Faced with the thermal shield issue and another technical setback stemming from dimensional non-conformities on the edges ("bevel joints") of the vacuum vessel sectors, ITER did what any industry does on a regular basis: it brought together experts to explore repair options, to analyze the impact on cost and schedule, and to assess different options for action.

For ITER Director-General Pietro Barabaschi, appointed by the ITER Council in September to succeed Bernard Bigot, this was nothing too out of the ordinary: as the former head of the Europe-Japan JT-60SA collaboration, he was familiar with the difficulties that building a tokamak entails.

A 3,500-square-metre, three-storey structure that will be home to 60 to 80 operators, engineers and researchers, the Control Building is among the new constructions that rose from the ground in 2022. (Click to view larger version...)
A 3,500-square-metre, three-storey structure that will be home to 60 to 80 operators, engineers and researchers, the Control Building is among the new constructions that rose from the ground in 2022.
Machine assembly is but one aspect of ITER construction. Project progress relies on a series of parallel activities—some  highly visible, others barely noticeable.

As new buildings rose from the ground and new structures were erected, an urban, almost futuristic touch was added to the already spectacular landscape of the ITER installation.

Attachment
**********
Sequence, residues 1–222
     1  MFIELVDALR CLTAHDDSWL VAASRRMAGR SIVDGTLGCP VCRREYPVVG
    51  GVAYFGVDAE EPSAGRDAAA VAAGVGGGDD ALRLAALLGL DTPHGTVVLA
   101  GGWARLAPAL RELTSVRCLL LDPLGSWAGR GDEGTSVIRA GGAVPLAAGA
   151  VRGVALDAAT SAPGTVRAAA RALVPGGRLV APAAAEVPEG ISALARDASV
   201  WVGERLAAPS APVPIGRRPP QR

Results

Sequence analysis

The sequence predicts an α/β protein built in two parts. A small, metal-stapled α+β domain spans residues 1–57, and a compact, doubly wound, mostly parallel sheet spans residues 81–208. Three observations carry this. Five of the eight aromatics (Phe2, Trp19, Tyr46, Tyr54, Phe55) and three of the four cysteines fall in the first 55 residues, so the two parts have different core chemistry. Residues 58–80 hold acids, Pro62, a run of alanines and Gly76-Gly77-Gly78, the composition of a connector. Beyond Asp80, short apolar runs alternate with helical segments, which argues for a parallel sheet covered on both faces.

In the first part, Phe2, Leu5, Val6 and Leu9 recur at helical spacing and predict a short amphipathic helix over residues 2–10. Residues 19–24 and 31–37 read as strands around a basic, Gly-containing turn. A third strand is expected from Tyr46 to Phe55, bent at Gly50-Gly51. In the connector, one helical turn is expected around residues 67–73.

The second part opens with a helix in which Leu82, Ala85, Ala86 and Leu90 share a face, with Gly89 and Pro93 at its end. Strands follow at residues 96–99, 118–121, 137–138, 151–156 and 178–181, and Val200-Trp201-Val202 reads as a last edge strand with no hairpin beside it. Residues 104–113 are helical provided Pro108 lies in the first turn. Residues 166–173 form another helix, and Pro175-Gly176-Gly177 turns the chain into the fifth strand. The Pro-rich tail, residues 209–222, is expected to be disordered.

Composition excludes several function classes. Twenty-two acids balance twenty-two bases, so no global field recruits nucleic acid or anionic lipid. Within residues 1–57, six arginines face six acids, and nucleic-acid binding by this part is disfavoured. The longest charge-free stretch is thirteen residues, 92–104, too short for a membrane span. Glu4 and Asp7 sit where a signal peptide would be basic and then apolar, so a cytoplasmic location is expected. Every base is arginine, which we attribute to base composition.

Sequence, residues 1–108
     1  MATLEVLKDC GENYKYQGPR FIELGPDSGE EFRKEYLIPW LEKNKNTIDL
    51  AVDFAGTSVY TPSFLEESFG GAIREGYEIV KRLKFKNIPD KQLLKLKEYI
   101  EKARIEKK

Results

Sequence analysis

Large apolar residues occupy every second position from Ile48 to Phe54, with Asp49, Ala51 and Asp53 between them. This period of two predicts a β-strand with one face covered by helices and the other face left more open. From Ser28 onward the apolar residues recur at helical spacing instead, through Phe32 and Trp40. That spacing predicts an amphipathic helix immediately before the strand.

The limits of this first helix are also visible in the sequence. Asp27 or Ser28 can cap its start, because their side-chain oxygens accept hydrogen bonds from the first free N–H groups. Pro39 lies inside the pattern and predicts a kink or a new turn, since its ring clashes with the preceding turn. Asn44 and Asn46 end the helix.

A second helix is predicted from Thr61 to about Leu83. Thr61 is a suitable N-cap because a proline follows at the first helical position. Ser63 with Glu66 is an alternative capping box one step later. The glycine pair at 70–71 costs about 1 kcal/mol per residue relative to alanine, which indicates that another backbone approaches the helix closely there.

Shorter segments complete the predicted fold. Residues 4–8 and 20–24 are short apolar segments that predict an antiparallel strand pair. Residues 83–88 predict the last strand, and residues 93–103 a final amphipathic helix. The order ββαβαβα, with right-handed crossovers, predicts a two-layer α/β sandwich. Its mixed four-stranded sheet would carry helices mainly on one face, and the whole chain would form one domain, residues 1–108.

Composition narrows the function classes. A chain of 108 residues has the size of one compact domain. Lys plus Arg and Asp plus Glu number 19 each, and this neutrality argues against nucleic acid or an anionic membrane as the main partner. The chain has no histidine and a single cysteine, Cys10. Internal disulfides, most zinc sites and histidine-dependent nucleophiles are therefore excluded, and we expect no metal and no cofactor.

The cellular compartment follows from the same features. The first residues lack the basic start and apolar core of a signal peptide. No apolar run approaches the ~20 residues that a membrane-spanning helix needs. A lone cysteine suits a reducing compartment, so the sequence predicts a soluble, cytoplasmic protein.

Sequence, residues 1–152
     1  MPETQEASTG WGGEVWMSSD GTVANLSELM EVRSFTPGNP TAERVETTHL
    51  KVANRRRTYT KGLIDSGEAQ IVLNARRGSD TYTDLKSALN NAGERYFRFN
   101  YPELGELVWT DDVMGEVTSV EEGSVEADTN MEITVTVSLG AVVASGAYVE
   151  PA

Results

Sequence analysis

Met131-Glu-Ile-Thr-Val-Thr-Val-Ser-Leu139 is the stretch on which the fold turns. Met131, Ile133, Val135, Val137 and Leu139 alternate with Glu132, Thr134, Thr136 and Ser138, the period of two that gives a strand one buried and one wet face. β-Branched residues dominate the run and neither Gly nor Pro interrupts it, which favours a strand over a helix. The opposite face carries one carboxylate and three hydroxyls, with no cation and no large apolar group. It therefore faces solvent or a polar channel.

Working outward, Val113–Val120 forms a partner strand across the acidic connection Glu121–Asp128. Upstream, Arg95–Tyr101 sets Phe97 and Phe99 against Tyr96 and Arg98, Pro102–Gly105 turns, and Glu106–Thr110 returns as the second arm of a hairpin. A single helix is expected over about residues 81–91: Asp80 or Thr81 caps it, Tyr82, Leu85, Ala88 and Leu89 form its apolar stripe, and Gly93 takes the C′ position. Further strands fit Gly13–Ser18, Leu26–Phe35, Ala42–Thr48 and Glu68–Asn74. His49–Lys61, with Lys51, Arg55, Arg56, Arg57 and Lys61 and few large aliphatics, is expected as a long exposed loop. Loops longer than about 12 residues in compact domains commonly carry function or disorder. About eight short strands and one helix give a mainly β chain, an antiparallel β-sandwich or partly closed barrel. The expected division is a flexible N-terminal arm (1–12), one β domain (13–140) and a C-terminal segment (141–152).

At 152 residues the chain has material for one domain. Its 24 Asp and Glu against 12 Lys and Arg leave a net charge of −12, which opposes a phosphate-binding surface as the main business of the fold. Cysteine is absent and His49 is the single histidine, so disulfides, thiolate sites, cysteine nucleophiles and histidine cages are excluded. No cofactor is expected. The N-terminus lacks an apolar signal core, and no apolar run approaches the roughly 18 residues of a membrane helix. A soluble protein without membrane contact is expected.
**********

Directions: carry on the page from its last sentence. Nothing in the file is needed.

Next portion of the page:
In the Cryostat Workshop, the last section of the ITER cryostat—the 665-tonne top lid—was finalized in March, marking the completion of a yearslong industrial venture. After seven years of faithful service, the winding table in the European poloidal field coil winding facility was dismantled following the completion of the last of 30 double pancakes produced. With one ring-shaped coil (PF5) installed in September 2021, and a second (PF2) placed in storage in January 2022, work is now underway on the final two coils (both 24 metres in diameter), with expected completion dates of mid-2023 (PF4) and mid-2024 (PF3) respectively.

In 2022, the ITER Members shipped a total of seven Highly Exceptional Loads (HEL)—one vacuum vessel sector, one poloidal field coil and five toroidal field coils. "Conventional Exceptional Loads"—or loads that do not exceed 5 metres in height or width and weigh less than 60 tonnes—accounted for another 34 deliveries, while conventional heavy truck loads numbered an additional 111.